Michigan’s 2018 abortion report was published online in June 2019 by the Department of Health and Human Services. The report shows that chemical abortions in the state continue to rise.
Changes in Michigan Abortions, 2017-2018
Information on Planned Parenthood’s Michigan market share is not publicly available.
Abortion Totals and Trends
There was little change in the number of abortions reported in Michigan in 2017 and 2018. Abortions increased by just under half a percent from 26,594 in 2017 to 26,716 in 2018 (Fig. 1). There were 10,220 chemical abortions in 2018, an increase of eight percent from the previous year. In 2018, chemical abortions made up 39 percent of all abortions reported in Michigan. Total abortions in Michigan have fallen by 39 percent since 1982, while chemical abortions have increased by 986 percent from 2001, the first full year after the U.S. Food and Drug Administration (FDA) approved the use of the chemical abortion drug Mifeprex. The Charlotte Lozier Institute estimates that Michigan’s abortion rate was unchanged from 2017 to 2018, remaining steady at 14.2 abortions per 1,000 women ages 15 to 44, near the national average (Fig. 2).
State Report Summary
Much of the information in Michigan’s annual abortion report is on abortions performed on resident women only. There were 25,554 abortions performed on Michigan residents in 2018, that is, 96 percent of all abortions performed in the state.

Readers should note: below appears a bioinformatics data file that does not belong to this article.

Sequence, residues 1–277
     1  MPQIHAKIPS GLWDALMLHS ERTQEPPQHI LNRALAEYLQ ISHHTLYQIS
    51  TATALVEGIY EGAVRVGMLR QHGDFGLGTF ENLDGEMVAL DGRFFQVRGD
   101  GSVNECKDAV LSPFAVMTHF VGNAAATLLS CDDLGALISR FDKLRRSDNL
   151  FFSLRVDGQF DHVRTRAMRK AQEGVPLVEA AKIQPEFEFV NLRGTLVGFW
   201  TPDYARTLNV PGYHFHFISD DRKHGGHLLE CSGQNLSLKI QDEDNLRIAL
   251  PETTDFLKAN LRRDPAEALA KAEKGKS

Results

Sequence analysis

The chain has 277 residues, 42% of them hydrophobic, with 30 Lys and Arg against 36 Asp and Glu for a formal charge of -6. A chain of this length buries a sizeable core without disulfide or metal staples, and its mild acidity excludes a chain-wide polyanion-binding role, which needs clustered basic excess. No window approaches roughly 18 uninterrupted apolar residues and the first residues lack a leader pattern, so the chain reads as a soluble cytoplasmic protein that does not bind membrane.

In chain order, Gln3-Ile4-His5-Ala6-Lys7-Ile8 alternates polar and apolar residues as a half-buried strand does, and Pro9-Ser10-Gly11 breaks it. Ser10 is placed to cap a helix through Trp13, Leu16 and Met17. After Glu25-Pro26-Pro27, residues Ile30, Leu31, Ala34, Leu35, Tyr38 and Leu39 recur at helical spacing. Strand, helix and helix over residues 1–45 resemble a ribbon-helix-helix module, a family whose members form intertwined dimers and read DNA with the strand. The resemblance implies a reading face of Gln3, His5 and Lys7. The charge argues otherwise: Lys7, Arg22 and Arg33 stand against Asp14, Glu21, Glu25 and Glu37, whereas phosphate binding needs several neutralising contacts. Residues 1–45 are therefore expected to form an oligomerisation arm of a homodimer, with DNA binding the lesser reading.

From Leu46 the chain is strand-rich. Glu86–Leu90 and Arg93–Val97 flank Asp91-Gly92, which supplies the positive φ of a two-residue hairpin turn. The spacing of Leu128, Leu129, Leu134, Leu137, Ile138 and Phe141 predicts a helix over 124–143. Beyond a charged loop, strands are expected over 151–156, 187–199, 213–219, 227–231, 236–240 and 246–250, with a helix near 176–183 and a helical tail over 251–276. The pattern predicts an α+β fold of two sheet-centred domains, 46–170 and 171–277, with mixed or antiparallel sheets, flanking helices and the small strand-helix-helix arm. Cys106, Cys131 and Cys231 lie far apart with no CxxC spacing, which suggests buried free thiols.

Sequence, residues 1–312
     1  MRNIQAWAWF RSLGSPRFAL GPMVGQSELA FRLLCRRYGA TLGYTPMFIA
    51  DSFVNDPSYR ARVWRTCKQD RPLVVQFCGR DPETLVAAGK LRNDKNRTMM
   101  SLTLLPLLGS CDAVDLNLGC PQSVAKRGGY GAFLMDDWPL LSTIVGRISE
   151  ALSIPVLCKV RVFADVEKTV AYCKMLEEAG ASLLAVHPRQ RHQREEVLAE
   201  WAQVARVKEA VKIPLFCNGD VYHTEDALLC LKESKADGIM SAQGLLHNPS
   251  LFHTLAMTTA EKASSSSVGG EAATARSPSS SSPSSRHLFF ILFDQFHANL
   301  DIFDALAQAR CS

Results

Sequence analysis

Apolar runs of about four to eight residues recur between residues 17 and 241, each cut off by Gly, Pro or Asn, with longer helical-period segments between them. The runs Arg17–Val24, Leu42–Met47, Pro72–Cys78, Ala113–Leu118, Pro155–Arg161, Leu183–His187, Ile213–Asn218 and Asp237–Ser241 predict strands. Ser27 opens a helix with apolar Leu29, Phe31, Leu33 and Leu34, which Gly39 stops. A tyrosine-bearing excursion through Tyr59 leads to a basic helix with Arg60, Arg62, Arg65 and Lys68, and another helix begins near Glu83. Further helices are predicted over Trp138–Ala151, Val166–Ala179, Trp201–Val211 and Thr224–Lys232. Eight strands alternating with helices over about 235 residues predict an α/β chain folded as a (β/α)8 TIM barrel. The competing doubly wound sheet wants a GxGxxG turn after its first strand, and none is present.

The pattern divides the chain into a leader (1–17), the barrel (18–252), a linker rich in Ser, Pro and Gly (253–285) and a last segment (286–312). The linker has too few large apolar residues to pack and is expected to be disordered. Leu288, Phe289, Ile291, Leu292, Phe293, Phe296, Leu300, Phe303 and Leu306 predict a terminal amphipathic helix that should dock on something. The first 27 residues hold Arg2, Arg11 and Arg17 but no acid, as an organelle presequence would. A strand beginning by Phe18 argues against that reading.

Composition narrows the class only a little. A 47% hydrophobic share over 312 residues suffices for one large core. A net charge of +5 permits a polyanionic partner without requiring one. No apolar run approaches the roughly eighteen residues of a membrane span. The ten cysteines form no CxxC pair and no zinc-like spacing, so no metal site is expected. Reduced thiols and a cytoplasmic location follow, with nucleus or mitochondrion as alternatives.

Nine percent of the abortions performed on residents were on women under the age of 20. Twenty-nine percent were on women ages 20 to 24, and 32 percent were for women 25 to 29, a change from previous reports in which women in their early twenties made up the largest age group. Twenty-seven percent were in their thirties, and three percent were age 40 or older.
African American women composed the largest racial group, undergoing just over half the abortions performed on Michigan residents. Forty-two percent were performed on white women, even though white women make up 77 percent of Michigan’s population of women of childbearing age and black women compose just 17 percent. Just over two percent of the abortions performed on residents were on Asian or Pacific Islander women, and just under two percent each on multiracial women, women of other, unspecified races, and women whose race was not reported. Not quite half a percent of the resident abortions were performed on American Indian women. Michigan reports ethnicity separately from race, and just under four percent of the abortions were on Hispanic women. The report does not indicate the number performed on non-Hispanic women and women of unknown ethnicity.
Eighty-seven percent of the abortions were performed on unmarried women, 11 percent on married women, and two percent on women of unknown marital status. The vast majority of resident women (just under 95 percent) paid for their abortions out of pocket. Less than five percent were funded by insurance, and not quite one percent were funded by other or unknown methods. Michigan has chosen not to cover elective abortion in insurance plans on its state health insurance exchange, as well as in private insurance and Medicaid plans.
Seven percent of the resident women who got abortions were referred by friends or family members. Two percent received a referral from a physician. Six women received a referral for abortion from a family planning agency, five women from a health department, and four women from a member of the clergy. Three percent received a referral from another source. The majority of women, 88 percent, were self-referred.
While most of the demographic information in Michigan’s annual report is for resident abortions only, some information is provided on all abortion procedures reported in the state. In total, there were 26,716 abortions reported in Michigan in 2018.